Even the smallest characters are vivdly sketched, but the beating heart of the story are Reel Right Records owner and employee Clay and Karras, the former a hardnosed, hardworking Vietnam Vet, the latter an elegantly wasted, ageing partier, whose friendship always, crucially, feels plausible. The quite different relationship of the two men to the drug trade is a clever, well executed device.

Pelecanos acutely captures the sights, sounds, smells and tastes of DC, and the period feel works well. Like Jonathan Lethem, Pelecanos wears his musical taste on his sleeve, and readers who relished The Fortress of Solitude's deep dish of punk and soul references should dig what's here.

The book does try to bring home the cycle of violence and despair on the streets in poor, forgotten parts of the US, but Pelecanos offers a slightly offputting encouragement for his characters to man up in times of crisis, solving their problems with a decisive act of violence or intimidation. It's surely far off the answer to the social ills documented.
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on 7 January 2014
Crack Cocaine is a major concern in many cities in the US, Washington being one of them. However, before crack was popular, pure(ish) cocaine itself ruled the day. George P Pelecanos' `The Sweet Forever' is a story from those mid-80s days and shows that cocaine is as much of an issue as any other Class A drug. Marcus Clay is a Washington local who just wants to make a success out of his chain of local music stores, but the youths on the street and his own partner Dmitri Karras are not helping. When a car crashes and some drug money goes missing a series of events are set off that will prove that cocaine is a killer.

It is easy to see why Pelecanos was asked to join the writing team for `The Wire' when reading `The Sweet Forever'. This is a book that acts as a calling card before David Simon even knew he was going to make the show. It investigates how recreational drug use can impact on the urban poor; a middle class addiction can lead to murder. The book starts off slowly and does not have many sympathetic characters. However, the first third is all set up for a novel that increasingly pays out as it goes along. The character of Clay is central, but only really comes to the fore near the end as a sane man in an insane city.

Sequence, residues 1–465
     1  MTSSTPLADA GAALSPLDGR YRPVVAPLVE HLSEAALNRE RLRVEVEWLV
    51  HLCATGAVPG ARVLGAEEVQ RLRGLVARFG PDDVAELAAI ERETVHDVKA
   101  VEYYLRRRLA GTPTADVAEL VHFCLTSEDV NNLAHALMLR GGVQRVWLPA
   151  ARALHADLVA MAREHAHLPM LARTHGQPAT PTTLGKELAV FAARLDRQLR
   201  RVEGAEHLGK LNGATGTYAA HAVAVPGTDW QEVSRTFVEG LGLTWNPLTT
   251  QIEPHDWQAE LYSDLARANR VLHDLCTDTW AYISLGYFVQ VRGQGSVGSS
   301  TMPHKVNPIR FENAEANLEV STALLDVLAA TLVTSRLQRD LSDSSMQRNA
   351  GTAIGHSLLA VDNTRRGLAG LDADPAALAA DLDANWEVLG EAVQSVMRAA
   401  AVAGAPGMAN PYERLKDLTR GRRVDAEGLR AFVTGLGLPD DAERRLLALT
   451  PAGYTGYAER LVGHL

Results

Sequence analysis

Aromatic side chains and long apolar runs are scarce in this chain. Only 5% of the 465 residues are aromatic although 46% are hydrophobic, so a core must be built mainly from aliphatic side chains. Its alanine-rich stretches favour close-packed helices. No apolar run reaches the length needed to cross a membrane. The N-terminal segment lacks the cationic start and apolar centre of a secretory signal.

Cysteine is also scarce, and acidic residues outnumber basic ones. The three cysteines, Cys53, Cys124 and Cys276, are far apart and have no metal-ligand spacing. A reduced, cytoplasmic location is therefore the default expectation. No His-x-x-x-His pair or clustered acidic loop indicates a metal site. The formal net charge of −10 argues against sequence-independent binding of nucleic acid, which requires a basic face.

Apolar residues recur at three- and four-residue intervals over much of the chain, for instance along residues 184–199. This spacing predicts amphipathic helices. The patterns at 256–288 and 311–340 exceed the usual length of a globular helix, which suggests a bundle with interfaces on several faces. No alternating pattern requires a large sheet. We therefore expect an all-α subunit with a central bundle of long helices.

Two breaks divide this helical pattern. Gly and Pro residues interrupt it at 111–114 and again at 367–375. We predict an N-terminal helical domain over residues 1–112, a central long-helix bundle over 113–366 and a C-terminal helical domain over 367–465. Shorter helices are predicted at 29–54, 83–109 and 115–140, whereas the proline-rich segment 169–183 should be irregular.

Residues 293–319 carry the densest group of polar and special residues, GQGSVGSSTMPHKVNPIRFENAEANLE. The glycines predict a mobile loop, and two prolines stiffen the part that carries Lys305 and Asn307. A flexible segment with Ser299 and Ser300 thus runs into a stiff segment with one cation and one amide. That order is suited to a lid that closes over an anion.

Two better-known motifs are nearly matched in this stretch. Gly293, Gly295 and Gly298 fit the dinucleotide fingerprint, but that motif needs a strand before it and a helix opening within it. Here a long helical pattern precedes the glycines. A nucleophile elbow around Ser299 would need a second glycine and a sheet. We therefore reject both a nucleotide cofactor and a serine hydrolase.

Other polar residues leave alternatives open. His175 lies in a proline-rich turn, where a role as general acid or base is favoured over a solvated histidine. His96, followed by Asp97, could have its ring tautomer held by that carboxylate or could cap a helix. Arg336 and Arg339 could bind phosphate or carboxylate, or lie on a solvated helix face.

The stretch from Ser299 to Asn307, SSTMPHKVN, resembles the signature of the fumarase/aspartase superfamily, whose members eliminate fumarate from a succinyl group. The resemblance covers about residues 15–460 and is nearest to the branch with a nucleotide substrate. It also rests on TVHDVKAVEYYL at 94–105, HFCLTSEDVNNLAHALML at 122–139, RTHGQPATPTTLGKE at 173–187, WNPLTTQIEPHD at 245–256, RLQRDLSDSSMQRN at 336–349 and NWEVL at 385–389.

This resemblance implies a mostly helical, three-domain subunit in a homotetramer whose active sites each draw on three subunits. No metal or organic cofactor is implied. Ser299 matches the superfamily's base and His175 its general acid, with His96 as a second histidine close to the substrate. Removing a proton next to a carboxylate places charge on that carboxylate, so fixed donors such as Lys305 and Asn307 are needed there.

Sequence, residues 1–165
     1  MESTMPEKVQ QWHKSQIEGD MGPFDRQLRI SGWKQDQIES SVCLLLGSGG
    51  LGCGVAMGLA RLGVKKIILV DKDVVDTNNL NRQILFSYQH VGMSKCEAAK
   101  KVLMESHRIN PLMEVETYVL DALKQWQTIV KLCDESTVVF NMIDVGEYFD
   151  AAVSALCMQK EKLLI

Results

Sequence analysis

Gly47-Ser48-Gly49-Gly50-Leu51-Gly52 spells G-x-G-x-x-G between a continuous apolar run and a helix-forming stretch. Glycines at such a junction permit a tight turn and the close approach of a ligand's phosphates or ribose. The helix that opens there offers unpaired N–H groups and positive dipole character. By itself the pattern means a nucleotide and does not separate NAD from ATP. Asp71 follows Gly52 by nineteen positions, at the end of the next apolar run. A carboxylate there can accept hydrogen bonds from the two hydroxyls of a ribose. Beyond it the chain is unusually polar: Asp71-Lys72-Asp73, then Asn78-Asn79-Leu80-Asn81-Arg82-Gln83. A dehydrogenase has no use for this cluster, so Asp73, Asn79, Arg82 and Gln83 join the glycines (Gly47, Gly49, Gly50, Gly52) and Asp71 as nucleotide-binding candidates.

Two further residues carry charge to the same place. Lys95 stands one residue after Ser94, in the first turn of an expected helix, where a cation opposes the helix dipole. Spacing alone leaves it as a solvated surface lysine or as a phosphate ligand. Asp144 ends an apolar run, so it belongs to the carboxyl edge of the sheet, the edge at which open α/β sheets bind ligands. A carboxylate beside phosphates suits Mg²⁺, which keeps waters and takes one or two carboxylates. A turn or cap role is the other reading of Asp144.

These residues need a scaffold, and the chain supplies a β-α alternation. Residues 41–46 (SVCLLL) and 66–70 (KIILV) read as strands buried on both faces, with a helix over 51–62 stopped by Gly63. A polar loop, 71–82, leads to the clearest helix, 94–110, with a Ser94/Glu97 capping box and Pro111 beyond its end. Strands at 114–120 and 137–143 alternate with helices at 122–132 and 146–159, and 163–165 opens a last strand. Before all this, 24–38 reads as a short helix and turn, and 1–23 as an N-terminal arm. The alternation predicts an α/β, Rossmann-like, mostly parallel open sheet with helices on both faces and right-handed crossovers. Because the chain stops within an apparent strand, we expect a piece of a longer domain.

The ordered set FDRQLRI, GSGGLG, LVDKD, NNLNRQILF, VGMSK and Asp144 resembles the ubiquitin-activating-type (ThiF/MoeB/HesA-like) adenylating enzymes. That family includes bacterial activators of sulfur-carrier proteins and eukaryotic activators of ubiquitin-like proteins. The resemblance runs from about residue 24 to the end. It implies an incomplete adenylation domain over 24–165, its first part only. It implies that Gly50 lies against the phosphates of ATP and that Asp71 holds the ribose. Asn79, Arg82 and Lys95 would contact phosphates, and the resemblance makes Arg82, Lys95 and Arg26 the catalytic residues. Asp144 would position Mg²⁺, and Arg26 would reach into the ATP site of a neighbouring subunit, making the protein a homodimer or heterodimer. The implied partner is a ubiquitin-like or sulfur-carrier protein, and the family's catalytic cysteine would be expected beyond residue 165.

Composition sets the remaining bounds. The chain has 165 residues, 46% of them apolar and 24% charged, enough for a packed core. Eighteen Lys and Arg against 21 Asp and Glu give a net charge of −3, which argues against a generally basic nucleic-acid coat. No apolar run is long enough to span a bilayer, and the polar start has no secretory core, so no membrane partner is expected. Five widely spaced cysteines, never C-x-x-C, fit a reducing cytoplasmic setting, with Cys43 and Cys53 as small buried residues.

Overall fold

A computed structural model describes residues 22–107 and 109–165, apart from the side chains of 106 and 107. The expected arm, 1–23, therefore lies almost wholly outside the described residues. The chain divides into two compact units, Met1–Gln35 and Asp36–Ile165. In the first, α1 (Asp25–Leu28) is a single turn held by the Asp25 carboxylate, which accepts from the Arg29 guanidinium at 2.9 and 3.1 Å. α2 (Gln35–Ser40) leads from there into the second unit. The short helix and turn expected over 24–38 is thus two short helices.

At times `The Sweet Forever' is hard to stomach, the language is course and the attitudes neanderthalic. However, this is pretty much the point. Pelecanos captures a seedy 80s of bad hair, good music and cut drugs. The book is similar to `Less Than Zero', but with more purpose. The way that dominos slowly fall means you can see the action hotting up and rush towards an excellent conclusion. It is just a shame that the initial part of the book is a little too slow, some people may not stick with it.
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on 6 November 2014
The Sweet Forever is the third in George Pelecanos's generational D.C series, this one set in the 1980s. Fans of his style will find lots to love here, sympathetic good guys, scary villains, fast action, and a musical soundtrack that evokes a time and place. I don't know how authentic Pelecanos's dialogue really is, but it always reads real to me, with hardly a wasted word or false note. Excellent as always.
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on 19 August 2015
Pelecanos can do no wrong as far as I'm concerned
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on 29 October 2014
Huge fan and this is awesome.